the group seems relatively unconcerned with the zoo patrons. They eat, play,
and sun themselves without a worry.
When the meerkats are not busy eating, playing, and warming themselves in the sun, they enjoy watching the zoo patrons. They are very curious and will focus on one particular person, who they will seem to "study".
|Mating and Maturation: The meerkats become sexually mature at 12 months of
age. A particular male and female usually take on the responsibility of most of
the breeding. Mating is a little rough. The male pursues the female and then
latches on to her neck, after which mating takes place.
After a gestation period of approximately 11 weeks, a litter of 3-5 kits is born. They are without hair, helpless, and blind. However, they mature to the point of being weaned within only a month to a month and a halt. At about this same time, they emerge from their den and begin to learn how to capture food. This is done under the watchful eye of the adult babysitter.
They are fully grown at 6 months of age, and have a general life expectancy of about 10 years.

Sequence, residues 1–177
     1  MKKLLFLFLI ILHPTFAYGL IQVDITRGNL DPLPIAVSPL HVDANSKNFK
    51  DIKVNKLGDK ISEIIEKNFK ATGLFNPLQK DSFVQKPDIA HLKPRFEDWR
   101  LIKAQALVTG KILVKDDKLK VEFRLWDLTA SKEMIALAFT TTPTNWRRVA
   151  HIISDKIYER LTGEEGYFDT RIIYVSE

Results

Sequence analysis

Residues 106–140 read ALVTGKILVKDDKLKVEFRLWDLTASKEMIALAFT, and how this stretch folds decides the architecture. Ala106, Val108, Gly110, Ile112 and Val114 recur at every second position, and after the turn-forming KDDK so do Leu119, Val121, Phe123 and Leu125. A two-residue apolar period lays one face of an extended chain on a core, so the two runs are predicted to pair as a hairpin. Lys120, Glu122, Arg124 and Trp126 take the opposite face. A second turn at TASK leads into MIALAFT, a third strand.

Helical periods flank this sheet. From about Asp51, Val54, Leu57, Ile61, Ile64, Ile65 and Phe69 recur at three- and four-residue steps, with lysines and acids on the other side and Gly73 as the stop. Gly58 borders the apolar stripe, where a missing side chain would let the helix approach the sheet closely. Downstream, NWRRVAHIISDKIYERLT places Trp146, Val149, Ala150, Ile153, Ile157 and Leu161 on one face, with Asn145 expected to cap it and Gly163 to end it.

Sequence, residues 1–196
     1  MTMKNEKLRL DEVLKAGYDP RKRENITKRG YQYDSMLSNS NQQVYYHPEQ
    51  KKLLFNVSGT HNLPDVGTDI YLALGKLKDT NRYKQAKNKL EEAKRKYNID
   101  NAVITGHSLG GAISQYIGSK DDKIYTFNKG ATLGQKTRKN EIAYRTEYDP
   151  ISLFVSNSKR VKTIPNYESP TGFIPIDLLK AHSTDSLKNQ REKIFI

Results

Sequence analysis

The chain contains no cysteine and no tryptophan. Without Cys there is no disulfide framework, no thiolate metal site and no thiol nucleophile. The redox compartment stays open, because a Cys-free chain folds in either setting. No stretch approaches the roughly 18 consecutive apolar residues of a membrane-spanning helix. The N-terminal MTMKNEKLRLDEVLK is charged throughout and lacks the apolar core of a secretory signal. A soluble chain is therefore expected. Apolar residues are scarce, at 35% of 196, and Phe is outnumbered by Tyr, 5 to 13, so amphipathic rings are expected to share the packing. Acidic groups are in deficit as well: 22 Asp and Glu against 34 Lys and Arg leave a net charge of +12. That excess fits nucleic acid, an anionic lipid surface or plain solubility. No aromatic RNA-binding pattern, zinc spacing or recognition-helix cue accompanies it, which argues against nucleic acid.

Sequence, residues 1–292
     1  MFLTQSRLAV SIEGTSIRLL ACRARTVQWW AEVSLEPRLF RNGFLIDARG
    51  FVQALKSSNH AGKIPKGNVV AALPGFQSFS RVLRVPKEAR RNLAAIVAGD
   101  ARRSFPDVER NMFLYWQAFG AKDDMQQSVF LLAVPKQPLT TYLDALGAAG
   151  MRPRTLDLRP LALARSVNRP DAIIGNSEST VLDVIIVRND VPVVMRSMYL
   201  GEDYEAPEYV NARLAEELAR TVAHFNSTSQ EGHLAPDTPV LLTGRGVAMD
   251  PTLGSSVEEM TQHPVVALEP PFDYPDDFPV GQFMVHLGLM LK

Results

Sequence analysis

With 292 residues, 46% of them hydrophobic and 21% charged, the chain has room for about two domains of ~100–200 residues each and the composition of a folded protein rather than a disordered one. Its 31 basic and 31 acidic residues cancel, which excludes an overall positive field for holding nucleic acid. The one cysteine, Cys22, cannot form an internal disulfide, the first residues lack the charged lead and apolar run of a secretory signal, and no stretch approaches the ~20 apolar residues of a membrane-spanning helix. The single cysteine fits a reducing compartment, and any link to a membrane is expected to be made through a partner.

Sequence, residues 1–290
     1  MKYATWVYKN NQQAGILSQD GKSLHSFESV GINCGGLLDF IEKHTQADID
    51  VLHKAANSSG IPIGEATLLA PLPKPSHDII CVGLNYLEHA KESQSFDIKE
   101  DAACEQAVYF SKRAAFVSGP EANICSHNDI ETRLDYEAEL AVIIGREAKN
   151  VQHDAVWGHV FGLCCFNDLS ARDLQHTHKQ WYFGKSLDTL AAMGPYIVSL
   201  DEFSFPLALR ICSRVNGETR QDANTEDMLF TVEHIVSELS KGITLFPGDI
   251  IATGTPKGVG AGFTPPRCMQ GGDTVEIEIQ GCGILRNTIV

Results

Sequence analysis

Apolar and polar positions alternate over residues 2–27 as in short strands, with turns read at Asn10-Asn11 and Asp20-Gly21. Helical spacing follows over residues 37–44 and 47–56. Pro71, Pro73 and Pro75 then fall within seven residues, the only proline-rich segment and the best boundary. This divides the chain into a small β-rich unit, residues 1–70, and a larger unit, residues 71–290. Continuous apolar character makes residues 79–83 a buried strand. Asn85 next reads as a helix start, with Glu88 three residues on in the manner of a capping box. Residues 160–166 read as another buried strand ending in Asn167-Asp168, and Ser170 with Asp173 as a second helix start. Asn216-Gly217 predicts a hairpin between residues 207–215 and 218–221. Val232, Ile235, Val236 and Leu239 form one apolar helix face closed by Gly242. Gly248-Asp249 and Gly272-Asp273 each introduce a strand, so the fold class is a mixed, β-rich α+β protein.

|Comments about the meerkats at the Fort Worth Zoo: The zoo trades meerkats
from time to time so that they can mate with others outside of their own
family. This is done to prevent too much inter-breeding.
In addition, the zoo feeds the meerkats cat chow and crickets. Although very different from their diet in the wild, this type of diet seems to meet their needs.
Good news and bad news: Meerkats can be adopted. However, you can not take them home with you. They do not make good pets because of their constant digging and inability to be housebroken. They also do not get along well with other pets and are very likely to bite them. They may even bite you. As you can see from the picture on the left, although meerkats are very cute, they have some serious carnivore teeth! It is best to visit them at the zoo, which is better equipped to do so with properly trained handlers and escape proof facilities.
For more information on meerkat adoption, contact Mindia Whittier at the Fort Worth Zoo at (817)-871-7029.
|Source of information: Fort Worth Zoo 1986 Docent
FWZ information placard;
Interview with Louise Hallberg of the Fort Worth Zoo;
Smithsonian article- A Meerkat Volunteers for Guard Duty So Its Comrades Can Live in Peace, David W. Macdonald, V 17, p 55-64, Apr. 86;
Meerkat Information: http://www.meerkats.com/info.html
Meerkat adaptations: http://www.sdcs.k12.ca.us/roosevelt/meerkatadapt.html